• Noah

Kia ora!

Kia ora from the land of the Māori people, Aotearoa! Even before we landed here in New Zealand, we were gobsmacked by the amazing views all around us. I've literally not found an angle or vantage point yet that I didn't want to take a picture of. For the sake of storage space and the time that would be lost by constantly taking photos, I've had to refrain ever so little. Unfortunately for you all, it is true that even photos with the best of cameras can not do this country justice, but I'll share a few with you anyway.

Queenstown views We landed in Queenstown, a rather small city in the southwest part of the south island. A beautiful city sitting on a lake and surrounded by mountains, it was the perfect place for us to get a feel for New Zealand life. While here, we got to do some jet boating on the lake and some of its rivers, taking in the scenery at break-neck speeds. Talk about a thrill!

Cruisin’ on a jet boat With public transportation not a strong point in New Zealand , we rented a car for the duration of our time here. The plan is to make our way north over the course of a month, seeing as much as time allows. A ferry boat will take us from the south to north island so we can continue our journey all the way up to Auckland. Let's not get ahead of ourselves though, as we first needed to pay a visit to one of the most incredible places on the planet - New Zealand’s fiordland! Located entirely in the very southwest corner of the country, New Zealand has fifteen beautiful fiords that cover approximately 10% of its land mass. A few are accessible only by several day hikes through rainforest, rivers, and over mountains (maybe next visit!), but only two of them are accessible by vehicle. How could we not do both of those!? Milford Sound, the most well known of the fiords, is accessible by car thanks to a route carved out of the mountains some 60 years ago. Full of breathtaking lakes and mountains, the roadway passes through a 1.2km (.75 mile) one way tunnel just a few miles from the fjord itself. A traffic light system tells drivers when they can pass through the tunnel, and bad timing can find you waiting some 15 minutes for your turn. In any case, it was all well worth it to see the prize waiting for us at the end!

Waiting our turn at the tunnel Again, words can not do this place justice. The beauty here is unlike anything I have seen anywhere else in my travels. It is simply something you need to experience for yourself. They say you need to visit the Sound twice; once on a sunny day and once in a rainy day to see the countless waterfalls that come to life all along the fjord. With over 200 days of rain a year, we were very lucky to be able to see it on a sunny day this time around.

If I am dreaming do NOT wake me up As the only way to really see the fiord is by boat, we took a cruise that took us down the length of the fiord all the way out to the Tasman Sea and back. Along the way we were able to see the permanent waterfalls and a few temporary ones either created by recent rains or melting snow from the mountain tops. Our skipper even drove the boat under a few of them so we could experience the intensity of water cascading 500 feet off the cliffs from up close. Needless to say, those that chose to got a little wet!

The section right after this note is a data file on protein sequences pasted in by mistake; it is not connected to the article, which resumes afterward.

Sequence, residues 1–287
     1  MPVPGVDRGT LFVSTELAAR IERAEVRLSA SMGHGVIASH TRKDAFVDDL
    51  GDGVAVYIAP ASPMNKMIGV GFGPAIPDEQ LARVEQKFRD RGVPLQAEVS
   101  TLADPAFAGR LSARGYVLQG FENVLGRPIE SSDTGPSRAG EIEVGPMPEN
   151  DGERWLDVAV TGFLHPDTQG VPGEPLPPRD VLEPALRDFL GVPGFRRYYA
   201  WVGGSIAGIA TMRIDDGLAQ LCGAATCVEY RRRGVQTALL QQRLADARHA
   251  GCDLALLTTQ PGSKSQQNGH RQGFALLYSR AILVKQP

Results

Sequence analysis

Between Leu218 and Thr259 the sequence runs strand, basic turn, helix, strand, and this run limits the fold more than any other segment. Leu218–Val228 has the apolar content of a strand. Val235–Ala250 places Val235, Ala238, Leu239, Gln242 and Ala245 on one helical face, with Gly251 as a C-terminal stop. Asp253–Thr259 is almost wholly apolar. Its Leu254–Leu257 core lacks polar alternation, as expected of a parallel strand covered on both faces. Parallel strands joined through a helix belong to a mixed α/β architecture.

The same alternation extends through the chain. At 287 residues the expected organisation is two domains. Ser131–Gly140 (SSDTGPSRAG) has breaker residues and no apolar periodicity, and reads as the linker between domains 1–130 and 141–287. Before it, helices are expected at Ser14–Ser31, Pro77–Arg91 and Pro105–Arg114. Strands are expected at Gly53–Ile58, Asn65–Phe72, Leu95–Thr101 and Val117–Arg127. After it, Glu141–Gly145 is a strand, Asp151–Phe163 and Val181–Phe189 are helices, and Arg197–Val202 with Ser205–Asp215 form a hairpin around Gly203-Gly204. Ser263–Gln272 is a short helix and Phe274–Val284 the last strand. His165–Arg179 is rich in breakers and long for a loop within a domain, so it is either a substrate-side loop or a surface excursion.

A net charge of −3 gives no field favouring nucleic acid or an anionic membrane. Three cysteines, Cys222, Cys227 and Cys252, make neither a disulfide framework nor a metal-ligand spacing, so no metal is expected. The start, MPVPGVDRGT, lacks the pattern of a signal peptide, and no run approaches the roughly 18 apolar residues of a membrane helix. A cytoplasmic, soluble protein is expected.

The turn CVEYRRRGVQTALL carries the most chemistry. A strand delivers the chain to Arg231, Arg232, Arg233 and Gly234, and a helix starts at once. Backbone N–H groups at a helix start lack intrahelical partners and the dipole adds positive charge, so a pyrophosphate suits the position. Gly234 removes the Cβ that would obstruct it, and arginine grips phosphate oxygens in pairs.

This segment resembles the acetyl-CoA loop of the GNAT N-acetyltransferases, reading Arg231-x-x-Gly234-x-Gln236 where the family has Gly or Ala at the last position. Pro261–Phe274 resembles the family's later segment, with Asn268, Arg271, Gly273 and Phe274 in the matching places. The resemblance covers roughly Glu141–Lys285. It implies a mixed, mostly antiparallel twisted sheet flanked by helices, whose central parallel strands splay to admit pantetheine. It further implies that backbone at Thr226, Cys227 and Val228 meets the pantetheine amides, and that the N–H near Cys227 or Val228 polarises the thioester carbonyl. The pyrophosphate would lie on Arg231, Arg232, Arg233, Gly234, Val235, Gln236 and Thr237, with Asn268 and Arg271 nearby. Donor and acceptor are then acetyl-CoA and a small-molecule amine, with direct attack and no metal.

One of several permanent waterfalls at Milford

Besides all the waterfalls and mountains, these fiords are also home to an abundance of wildlife. We were able to see some young seals learning to live away from the colony as well as many different types of birds, including some rare penguins. Dolphins sometimes swim into the fiord as well, but unfortunately we didn't see any of them.

Penguin playing On our second day in the area we went to the other somewhat easily accessible fiord, Doubtful Sound. It's name comes from Lieutenant James Cook himself, who told his crew as he sailed past it that he was doubtful whether or not the fiord was navigable by sail. Even today very few people visit; we were one of two or three touring vessels that visit each day. The reason being is that you have to drive to a small town where you catch a boat across a lake that takes you to a road that takes you through the mountains (this road literally exists to connect the lake and the fiord, there is no other way to get to it) before you even get to the fiord itself! It also meant we had the entire fiord pretty much completely to ourselves while we were there.

Doubtful Sound

Also known as the Sound of silence, Doubtful Sound was just as beautiful as Milford but was definitely more left to nature. Doubtful had its own blend of tree covered mountains, waterfalls, and wildlife. We still didn't see any dolphins, but we saw many penguins, seals, and other water birds as we carved our way out to the sea and back. I don't mean to imply that Doubtful is like Milford at all as I wind down my blog; each fiord was well worth the visit in its own way and any trip to the Fiordland should include both if at all possible. With our detour to the southwestern corner of New Zealand complete, I hope you join us as we now work our way north!

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